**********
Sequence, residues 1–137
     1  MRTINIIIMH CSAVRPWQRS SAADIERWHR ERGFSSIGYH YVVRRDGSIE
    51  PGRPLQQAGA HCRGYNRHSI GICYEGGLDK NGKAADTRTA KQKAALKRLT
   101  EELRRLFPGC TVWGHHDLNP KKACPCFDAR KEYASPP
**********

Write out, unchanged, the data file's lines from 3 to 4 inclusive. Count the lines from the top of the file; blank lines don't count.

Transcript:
    51  PGRPLQQAGA HCRGYNRHSI GICYEGGLDK NGKAADTRTA KQKAALKRLT
   101  EELRRLFPGC TVWGHHDLNP KKACPCFDAR KEYASPP